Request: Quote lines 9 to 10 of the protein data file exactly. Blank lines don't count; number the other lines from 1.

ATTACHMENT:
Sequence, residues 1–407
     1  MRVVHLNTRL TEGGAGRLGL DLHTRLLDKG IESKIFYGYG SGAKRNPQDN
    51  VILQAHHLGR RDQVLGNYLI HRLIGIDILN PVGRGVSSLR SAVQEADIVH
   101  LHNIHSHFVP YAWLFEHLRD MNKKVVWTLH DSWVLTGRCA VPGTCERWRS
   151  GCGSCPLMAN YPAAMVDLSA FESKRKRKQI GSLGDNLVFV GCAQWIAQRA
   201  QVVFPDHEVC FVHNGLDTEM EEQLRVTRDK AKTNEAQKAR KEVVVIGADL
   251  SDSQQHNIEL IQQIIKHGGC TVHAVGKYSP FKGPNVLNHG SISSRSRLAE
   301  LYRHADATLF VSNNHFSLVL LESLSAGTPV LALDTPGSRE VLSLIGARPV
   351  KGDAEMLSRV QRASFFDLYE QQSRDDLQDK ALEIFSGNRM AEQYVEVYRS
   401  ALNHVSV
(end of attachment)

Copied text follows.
   351  KGDAEMLSRV QRASFFDLYE QQSRDDLQDK ALEIFSGNRM AEQYVEVYRS
   401  ALNHVSV